Gadgets

Nokia Lumia 620 Australian Review: Right Phone, Wrong Price

Nokia just keeps adding phones to the stand-up Lumia range, with the 620 set to make its debut next week. We went hands on with the baby Lumia and were slightly troubled by what we found.

What Is It?

The Nokia Lumia 620 is the baby Lumia. With a 3.8-inch (800×480) AMOLED screen, a dual-core 1GHz processor, 512MB of RAM and five-megapixel camera, the Lumia 620 sits at the more budget end of Nokia’s Lumia family. It also features a set of incredibly fetching interchangable covers, 8GB of internal storage, a microSD expansion slot and Nokia’s awesome ClearBlack display. All that will set you back $329 from major electronics retailers, including JB Hi-Fi, The Good Guys, Dick Smith, Harvey Norman and Allphones.

Let’s compare the Lumia 620 to its bigger brothers. The Lumia 820 is $120 more expensive, while the 920 is $379 more expensive (compared to the prices at Kogan and MobiCity). On the spec front, you’ll find a difference in the processor, RAM and camera departments but not enough to make you baulk. Read our full reviews of both the Lumia 820 and the Lumia 920 to check them out for yourselves.

What’s Good?


The Lumia 620 — like the 820 — features removable covers, which retain the bright and colourful identity of the Lumia. These look amazing and have the uncanny ability make the 620 look like a handset you could impress both your friends at the pub with, as well as your suit wearing colleagues.

Under the hood, it’s the same Windows Phone 8 experience we loved on the higher-specced Lumias. All the Lumia goodies are there too, including City Lens, Nokia Drive and Nokia Maps as well as the different camera lens apps. Despite the fact that the Lumia 620 has entry-level specs, you don’t get an entry-level experience. Browsing, multitasking and generally using the handset day-to-day is fast and fluid.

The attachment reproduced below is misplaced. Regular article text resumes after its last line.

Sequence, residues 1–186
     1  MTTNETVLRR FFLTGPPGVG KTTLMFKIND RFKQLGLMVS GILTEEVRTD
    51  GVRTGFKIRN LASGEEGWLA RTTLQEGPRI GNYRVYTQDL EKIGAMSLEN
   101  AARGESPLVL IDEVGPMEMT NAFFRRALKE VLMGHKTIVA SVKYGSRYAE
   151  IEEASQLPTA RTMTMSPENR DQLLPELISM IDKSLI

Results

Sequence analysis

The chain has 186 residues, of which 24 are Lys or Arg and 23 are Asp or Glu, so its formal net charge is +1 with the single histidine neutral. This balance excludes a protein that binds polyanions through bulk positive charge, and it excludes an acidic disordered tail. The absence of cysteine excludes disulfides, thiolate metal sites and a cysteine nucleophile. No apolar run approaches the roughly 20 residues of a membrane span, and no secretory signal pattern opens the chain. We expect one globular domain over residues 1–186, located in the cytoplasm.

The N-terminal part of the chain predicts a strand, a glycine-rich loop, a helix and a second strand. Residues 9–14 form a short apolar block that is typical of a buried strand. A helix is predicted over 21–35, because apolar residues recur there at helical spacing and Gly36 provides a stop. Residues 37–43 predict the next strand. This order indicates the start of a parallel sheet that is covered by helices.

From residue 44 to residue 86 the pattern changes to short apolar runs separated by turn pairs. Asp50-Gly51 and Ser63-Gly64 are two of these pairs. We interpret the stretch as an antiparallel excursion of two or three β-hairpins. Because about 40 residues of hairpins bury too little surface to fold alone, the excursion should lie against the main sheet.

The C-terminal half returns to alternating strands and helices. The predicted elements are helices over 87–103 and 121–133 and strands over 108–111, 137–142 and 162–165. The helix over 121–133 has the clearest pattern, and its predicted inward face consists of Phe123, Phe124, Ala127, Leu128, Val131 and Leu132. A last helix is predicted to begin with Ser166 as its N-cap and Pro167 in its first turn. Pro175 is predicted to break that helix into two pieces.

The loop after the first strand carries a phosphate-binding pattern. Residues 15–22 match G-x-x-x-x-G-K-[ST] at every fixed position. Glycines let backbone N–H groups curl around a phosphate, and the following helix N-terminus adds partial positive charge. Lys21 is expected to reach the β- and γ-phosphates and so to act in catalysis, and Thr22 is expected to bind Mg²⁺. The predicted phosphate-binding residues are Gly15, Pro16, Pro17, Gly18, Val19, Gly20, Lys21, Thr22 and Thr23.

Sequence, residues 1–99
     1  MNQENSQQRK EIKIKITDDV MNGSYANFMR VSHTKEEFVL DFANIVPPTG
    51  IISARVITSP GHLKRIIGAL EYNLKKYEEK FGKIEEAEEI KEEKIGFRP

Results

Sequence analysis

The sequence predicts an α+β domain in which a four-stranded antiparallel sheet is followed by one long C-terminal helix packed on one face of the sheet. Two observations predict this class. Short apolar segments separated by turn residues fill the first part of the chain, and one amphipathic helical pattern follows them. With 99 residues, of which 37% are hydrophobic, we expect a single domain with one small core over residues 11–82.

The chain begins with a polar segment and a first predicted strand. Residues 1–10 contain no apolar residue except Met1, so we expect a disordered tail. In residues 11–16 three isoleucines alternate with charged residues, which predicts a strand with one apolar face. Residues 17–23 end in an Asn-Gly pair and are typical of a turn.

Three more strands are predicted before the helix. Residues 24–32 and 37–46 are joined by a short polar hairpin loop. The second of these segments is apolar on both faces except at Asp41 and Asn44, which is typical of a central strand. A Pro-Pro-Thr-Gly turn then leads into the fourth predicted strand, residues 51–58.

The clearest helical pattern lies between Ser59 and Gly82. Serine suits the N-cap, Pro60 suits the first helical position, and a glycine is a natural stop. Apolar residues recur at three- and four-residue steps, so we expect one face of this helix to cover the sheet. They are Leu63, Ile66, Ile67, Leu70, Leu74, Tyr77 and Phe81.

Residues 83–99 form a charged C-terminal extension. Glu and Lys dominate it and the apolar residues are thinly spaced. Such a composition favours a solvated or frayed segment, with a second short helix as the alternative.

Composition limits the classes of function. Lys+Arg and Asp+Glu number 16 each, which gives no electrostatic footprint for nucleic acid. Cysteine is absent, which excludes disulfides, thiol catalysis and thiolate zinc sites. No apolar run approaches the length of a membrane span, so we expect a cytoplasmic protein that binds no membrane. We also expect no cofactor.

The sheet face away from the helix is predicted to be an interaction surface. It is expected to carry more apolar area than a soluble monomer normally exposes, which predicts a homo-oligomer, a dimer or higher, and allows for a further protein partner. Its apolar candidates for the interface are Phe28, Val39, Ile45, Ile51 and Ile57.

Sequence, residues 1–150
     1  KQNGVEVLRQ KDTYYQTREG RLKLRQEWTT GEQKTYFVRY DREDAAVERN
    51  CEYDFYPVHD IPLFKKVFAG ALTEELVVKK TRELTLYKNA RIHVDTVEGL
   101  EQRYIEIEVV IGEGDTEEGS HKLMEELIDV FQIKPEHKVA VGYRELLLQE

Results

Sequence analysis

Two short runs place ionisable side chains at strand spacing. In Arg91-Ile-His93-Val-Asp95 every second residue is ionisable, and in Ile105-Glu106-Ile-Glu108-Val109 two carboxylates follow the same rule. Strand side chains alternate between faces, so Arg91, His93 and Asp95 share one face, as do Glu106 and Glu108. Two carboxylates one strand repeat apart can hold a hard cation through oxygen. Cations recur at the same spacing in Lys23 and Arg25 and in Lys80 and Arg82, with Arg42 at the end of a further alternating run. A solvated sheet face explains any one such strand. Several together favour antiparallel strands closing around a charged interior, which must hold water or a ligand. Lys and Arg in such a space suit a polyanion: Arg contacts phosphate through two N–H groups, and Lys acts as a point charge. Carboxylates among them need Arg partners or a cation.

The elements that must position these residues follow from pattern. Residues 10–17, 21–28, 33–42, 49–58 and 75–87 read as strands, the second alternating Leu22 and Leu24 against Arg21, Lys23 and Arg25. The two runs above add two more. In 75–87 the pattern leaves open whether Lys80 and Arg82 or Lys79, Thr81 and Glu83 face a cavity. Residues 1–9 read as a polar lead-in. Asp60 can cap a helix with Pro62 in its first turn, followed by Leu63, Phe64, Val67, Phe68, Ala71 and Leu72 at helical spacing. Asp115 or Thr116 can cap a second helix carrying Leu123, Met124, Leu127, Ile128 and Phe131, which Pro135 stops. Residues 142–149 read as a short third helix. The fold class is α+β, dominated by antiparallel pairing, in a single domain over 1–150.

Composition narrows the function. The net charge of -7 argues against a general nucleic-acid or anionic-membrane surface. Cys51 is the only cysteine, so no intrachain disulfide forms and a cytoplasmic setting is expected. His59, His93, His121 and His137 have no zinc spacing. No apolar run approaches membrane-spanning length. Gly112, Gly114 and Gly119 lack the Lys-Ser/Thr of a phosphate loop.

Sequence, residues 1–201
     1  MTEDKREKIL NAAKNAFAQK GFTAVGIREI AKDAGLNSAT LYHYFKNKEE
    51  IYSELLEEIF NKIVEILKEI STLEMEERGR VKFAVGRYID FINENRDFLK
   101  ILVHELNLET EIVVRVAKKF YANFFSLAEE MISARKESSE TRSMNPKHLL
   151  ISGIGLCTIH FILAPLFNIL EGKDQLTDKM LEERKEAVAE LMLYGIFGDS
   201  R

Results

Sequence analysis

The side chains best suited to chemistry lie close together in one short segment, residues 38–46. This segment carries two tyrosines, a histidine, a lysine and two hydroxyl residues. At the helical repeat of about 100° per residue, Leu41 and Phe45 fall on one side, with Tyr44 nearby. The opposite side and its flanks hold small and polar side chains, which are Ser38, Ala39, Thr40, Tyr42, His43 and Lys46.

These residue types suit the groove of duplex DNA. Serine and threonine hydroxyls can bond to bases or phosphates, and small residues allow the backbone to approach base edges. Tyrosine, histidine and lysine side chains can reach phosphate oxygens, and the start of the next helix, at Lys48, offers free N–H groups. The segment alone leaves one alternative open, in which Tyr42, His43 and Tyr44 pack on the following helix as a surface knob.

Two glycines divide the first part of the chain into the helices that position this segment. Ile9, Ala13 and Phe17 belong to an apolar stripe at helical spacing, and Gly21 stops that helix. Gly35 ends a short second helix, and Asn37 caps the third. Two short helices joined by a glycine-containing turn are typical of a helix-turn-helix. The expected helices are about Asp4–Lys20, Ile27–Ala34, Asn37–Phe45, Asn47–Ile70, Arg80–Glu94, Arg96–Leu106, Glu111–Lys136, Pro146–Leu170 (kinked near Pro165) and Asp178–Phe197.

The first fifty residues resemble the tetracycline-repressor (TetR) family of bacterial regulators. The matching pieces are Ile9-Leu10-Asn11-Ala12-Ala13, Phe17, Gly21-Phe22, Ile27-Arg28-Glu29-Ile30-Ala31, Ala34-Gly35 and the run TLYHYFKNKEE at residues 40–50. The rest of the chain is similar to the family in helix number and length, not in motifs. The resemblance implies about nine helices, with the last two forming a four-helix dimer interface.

The 620 takes further design cues from the 820 with its flat screen. The Lumia 920 — the flagship — actually has curved glass covering the screen, meaning the glare can get annoying. The 620, however, has a great screen. So crisp and bright, even in direct sunlight. The screen is more visible in direct sunlight than handsets that cost three times as much like the iPhone 5 or the Samsung Galaxy S III.

This plucky Lumia doesn’t have 4G which is disappointing, but I’ll settle for HSPA+, which it has. Also, the speaker is absurdly loud. I never expected a noise of that volume to come out of anything this size.

Finally, despite the fact that it’s only a 1300mAh battery, it has a surprising amount of life in it. Under heavy use I got just under a day, and with minimal use you can expect to get three. It’s quite astounding.

What’s Bad?

The Lumia 620 has a great screen with only one fatal flaw: its positioning on the handset. Nokia made the 620 with a large bottom bezel, which means the screen sits off-centre on the handset. That’s super-annoying at first, just because it feels like there’s just too much of bottom bezel there for the hardware keys it needs to accommodate.

Also, because the screen is off-centre on the handset, it can affect your perspective on the way you view things on the handset. Images, for example, look like they’re way too high on the screen when you view them in portrait mode. If you’re OCD, expect that to cause problems almost immediately. If you’re not, however, it’s something you can get used to.